November 04, 2019

Saskatchewan Granted Leave To Intervene In Trans Mountain Appeal

Saskatchewan has been granted leave to intervene in the Trans Mountain pipeline expansion hearing before the Federal Court of Appeal in support of the pipeline’s construction.

Saskatchewan will be intervening in support of the federal government by arguing that the project was properly approved.  The Federal Court will hear arguments on whether the federal government adequately consulted with First Nations.

“Saskatchewan will make submissions to the Federal Court of Appeal on the need to fairly balance the duty to consult with other matters of public interest, such as transportation infrastructure,” Justice Minister and Attorney General Don Morgan said.  “Projects like Trans Mountain create a stronger economy that allow the federal and provincial governments to invest in programs and initiatives like health and education.”

Saskatchewan supports the construction of the Trans Mountain pipeline expansion.  Without new pipeline capacity, demand for rail transportation will continue to increase, putting cost pressures on to oil producers as well as other rail-transport dependent industries, such as the agriculture and mining sectors.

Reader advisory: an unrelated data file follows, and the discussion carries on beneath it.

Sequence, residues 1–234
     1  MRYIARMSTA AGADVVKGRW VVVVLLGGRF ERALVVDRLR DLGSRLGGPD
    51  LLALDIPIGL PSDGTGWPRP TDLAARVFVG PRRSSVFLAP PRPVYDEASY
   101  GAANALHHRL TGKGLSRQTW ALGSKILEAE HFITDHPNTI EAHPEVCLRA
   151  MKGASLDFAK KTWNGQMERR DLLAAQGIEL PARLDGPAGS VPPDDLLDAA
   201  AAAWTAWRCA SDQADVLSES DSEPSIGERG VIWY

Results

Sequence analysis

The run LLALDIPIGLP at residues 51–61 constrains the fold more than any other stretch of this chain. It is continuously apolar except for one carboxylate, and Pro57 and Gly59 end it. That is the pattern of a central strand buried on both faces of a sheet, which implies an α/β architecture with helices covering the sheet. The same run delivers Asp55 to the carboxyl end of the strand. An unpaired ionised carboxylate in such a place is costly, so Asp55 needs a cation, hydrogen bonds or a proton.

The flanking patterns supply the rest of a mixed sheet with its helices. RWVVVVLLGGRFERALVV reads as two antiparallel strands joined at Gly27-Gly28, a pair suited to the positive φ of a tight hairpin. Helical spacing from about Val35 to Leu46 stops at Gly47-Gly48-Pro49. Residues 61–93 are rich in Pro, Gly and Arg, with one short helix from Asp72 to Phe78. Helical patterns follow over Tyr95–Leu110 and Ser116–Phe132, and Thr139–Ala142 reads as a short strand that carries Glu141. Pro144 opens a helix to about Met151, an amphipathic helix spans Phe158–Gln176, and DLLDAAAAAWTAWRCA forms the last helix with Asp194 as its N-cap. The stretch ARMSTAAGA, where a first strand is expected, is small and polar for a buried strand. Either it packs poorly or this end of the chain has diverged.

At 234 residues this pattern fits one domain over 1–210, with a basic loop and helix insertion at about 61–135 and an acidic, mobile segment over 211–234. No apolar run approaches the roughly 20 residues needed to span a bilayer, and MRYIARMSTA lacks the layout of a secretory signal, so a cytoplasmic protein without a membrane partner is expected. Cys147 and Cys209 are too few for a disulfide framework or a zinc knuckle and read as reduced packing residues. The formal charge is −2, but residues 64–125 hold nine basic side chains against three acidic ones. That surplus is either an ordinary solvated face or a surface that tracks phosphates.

In a keynote speech to the National Coalition of Chiefs Energy and Natural Resources Summit in Calgary today, Saskatchewan Energy and Resources Minister Bronwyn Eyre spoke to the importance of the Trans Mountain Expansion project for landlocked provinces such as Saskatchewan and the opportunities for greater participation from Indigenous communities on natural resource projects.

“The Trans Mountain Pipeline Expansion Project is in the interest of all Canadians,” Eyre said in her speech.  “Energy projects, including pipeline projects, are a source of prosperity.  Our government continues to advocate for vital energy infrastructure, which supports national unity and enhances the Saskatchewan and Canadian economy.”

In 2018, the lack of access to tidewater cost Saskatchewan producers approximately $3.7 billion in lost revenue and cost the Government of Saskatchewan $250 million in lost taxes, royalties and other revenue.  The proposed $9.3 billion Trans Mountain Expansion Project would increase capacity from 300,000 barrels per day to 890,000 barrels per day, providing significant benefit to landlocked Canadian producers.

The hearing is scheduled for December.